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Stat Med. 2012 Sep 28;31(22):2461-72. doi: 10.1002/sim.5351. Epub 2012 Mar 22.

Assessment of skewed exposure in case-control studies with pooling.

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1
Division of Biostatistics and Epidemiology, School of Public Health and Health Sciences, University of Massachusetts Amherst, Amherst, MA, USA. bwhitcomb@schoolph.umass.edu

Abstract

Pooling-based strategies that combine samples from multiple participants for laboratory assays have been proposed for epidemiologic investigations of biomarkers to address issues including cost, efficiency, detection, and when minimal sample volume is available. A modification of the standard logistic regression model has been previously described to allow use with pooled data; however, this model makes assumptions regarding exposure distribution and logit-linearity of risk (i.e., constant odds ratio) that can be violated in practice. We were motivated by a nested case-control study of miscarriage and inflammatory factors with highly skewed distributions to develop a more flexible model for analysis of pooled data. Using characteristics of the gamma distribution and the relation between models of binary outcome conditional on exposure and of exposure conditional on outcome, we use a modified logistic regression to accommodate nonlinearity because of unequal shape parameters in gamma distributed exposure for cases and controls. Using simulations, we compare our approach with existing methods for logistic regression for pooled data considering: (1) constant and dose-dependent effects; (2) gamma and log-normal distributed exposure; (3) effect size; and (4) the proportions of biospecimens pooled. We show that our approach allows estimation of odds ratios that vary with exposure level, yet has minimal loss of efficiency compared with existing approaches when exposure effects are dose-invariant. Our model performed similarly to a maximum likelihood estimation approach in terms of bias and efficiency, and provides an easily implemented approach for estimation with pooled biomarker data when effects may not be constant across exposure.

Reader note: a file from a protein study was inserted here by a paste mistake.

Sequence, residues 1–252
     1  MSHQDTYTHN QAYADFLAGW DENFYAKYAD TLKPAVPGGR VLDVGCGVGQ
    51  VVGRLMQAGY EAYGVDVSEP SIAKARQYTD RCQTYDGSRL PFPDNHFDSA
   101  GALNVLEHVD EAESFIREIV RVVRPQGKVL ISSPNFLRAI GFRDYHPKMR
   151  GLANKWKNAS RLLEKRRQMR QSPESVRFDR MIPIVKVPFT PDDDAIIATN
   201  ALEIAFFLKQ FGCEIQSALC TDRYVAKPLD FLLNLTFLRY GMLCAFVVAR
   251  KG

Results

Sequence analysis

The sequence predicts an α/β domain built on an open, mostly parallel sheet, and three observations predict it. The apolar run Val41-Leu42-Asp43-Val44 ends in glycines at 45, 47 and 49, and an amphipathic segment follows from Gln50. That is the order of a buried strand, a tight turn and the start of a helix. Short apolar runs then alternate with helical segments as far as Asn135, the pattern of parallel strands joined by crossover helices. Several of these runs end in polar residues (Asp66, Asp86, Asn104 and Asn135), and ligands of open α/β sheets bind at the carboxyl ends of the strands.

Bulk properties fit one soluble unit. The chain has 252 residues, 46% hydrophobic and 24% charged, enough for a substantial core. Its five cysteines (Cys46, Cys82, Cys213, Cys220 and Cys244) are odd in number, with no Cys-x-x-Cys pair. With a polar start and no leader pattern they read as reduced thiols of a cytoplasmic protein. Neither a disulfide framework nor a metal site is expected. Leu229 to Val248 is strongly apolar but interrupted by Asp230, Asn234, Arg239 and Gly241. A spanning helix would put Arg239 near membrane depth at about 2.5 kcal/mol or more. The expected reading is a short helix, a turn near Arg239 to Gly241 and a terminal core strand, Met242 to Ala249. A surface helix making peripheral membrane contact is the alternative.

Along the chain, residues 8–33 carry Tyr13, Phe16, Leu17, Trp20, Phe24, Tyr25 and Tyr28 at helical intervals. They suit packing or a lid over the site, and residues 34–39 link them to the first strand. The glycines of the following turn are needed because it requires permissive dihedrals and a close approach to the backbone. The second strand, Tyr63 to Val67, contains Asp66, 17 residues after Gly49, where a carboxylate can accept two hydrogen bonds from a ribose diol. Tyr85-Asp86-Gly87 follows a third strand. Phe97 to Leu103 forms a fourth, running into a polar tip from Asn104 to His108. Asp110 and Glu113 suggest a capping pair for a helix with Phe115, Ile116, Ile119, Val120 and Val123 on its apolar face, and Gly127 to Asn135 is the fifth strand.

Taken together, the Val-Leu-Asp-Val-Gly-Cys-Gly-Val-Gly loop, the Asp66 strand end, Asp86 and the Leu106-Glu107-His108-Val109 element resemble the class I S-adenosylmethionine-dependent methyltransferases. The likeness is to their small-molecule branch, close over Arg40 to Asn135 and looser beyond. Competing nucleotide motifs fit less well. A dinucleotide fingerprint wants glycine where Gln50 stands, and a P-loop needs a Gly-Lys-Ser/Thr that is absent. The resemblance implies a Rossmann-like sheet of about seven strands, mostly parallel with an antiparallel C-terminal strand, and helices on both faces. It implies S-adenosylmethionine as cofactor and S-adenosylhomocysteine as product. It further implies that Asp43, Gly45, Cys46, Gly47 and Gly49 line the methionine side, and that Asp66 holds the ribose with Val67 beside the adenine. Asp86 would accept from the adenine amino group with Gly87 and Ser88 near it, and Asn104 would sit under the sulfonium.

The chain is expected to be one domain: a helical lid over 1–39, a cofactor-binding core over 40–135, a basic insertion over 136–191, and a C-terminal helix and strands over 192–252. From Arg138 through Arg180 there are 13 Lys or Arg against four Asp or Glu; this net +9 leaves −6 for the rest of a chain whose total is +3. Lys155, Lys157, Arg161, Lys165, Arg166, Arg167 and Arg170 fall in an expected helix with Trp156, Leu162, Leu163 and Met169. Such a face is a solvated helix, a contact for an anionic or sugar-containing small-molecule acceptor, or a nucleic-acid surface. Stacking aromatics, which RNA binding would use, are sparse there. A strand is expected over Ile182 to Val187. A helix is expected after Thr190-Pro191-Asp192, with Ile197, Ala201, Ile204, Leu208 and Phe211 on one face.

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PMID:
22437722
PMCID:
PMC3878867
DOI:
10.1002/sim.5351
[Indexed for MEDLINE]
Free PMC Article
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